The New Nihilists: Political Nihilism and the Progressive Movement in America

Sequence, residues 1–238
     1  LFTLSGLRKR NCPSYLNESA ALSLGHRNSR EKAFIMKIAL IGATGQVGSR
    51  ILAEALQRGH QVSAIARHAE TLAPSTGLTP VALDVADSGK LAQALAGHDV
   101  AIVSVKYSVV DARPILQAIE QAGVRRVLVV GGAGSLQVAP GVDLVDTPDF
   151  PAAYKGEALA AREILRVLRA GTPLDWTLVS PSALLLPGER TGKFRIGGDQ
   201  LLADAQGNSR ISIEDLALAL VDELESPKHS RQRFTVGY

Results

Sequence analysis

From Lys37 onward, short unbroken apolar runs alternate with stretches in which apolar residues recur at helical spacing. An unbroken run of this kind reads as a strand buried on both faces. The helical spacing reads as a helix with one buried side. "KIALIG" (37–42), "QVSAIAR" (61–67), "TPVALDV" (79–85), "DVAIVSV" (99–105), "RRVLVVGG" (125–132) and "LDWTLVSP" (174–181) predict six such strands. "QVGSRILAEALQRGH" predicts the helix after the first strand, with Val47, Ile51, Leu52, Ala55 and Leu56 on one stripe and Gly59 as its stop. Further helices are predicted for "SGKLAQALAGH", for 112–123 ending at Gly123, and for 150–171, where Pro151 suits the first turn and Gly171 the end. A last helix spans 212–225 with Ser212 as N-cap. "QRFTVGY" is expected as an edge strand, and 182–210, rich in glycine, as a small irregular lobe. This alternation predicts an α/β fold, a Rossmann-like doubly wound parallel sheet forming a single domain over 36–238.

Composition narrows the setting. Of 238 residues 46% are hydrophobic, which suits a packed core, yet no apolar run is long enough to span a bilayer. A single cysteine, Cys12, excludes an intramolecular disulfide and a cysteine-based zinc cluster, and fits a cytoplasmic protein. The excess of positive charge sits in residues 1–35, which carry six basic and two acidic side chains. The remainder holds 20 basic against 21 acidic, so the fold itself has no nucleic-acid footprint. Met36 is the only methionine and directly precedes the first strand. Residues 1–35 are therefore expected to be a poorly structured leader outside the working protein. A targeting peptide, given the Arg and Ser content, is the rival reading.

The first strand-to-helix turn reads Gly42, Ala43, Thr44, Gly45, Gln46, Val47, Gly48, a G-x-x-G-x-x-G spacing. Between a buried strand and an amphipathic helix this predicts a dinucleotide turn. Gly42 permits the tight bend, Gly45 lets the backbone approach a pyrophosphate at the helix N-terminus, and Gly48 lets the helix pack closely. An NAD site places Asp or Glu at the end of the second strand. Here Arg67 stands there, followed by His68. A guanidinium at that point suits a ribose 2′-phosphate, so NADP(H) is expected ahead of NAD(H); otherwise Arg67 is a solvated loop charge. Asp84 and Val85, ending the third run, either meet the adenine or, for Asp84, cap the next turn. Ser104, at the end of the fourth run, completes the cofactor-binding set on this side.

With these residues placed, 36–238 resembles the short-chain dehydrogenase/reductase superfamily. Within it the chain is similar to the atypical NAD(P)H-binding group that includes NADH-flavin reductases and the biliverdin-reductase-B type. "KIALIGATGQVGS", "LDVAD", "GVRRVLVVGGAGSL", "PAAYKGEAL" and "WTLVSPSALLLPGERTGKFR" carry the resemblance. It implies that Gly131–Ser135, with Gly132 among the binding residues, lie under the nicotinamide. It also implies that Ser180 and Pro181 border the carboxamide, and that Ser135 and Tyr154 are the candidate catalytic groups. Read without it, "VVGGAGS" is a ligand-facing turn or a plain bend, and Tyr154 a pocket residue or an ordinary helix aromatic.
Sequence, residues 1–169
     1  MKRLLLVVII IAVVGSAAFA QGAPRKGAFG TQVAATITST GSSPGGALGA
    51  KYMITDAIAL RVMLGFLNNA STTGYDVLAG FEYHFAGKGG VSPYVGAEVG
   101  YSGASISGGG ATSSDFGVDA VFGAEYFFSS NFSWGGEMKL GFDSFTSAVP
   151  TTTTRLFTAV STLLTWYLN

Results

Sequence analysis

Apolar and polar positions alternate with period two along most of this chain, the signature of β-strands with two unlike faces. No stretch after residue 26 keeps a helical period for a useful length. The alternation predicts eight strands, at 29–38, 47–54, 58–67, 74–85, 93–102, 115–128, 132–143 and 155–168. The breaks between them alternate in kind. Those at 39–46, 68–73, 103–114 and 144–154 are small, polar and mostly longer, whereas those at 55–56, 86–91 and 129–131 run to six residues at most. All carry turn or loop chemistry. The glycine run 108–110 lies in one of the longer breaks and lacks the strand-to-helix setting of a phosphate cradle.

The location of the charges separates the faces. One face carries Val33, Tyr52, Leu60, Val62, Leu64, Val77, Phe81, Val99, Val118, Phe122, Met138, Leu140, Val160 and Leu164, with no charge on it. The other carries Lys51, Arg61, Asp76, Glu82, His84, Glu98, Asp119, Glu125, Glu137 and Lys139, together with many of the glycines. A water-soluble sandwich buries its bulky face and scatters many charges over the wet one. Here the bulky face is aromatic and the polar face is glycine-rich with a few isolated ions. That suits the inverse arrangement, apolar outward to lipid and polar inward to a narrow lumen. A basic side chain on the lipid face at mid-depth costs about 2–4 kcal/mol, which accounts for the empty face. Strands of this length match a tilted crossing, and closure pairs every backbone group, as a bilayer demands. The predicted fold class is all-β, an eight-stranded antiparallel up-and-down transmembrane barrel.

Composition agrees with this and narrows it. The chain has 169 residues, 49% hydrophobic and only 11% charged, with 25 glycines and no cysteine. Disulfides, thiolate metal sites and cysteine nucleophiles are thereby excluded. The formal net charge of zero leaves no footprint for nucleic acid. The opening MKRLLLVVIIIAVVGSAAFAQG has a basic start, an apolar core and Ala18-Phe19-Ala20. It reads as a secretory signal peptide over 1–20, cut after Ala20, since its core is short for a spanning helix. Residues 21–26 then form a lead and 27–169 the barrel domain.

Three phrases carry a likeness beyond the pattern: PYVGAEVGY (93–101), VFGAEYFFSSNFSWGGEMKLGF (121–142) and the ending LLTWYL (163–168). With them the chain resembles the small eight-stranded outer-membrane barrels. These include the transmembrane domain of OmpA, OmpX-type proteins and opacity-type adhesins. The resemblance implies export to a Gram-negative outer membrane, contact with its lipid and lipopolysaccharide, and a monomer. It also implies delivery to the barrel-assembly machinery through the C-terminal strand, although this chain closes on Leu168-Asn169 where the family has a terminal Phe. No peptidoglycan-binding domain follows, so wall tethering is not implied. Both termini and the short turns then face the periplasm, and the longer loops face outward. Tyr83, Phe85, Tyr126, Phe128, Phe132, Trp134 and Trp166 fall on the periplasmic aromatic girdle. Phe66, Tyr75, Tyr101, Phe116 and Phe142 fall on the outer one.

During the dark days of the Second World War, Helmut Thielicke experienced the horrors of National Socialism on a daily basis.  Due to his standing as a Lutheran minister, professor of philosophy, and doctor of theology, he became a person of interest to the Gestapo, who kept him under constant surveillance and frequently hauled him in for interrogation.  After the war, he lectured and wrote extensively about his experiences, and when asked how a country that produced such luminaries as Bach and Beethoven could also produce an Adolf Hitler, he initially blamed the usual suspects: the Treaty of Versailles, the Great Depression, economic instability, and social unrest — but he did not leave it there.  Instead, he did the unthinkable and placed some of the blame on his fellow Germans for their uncritical acceptance of Hitler's promises — a point he emphasized in his book, Between Heaven and Earth.  "Hitler," he said,...(Read Full Article)
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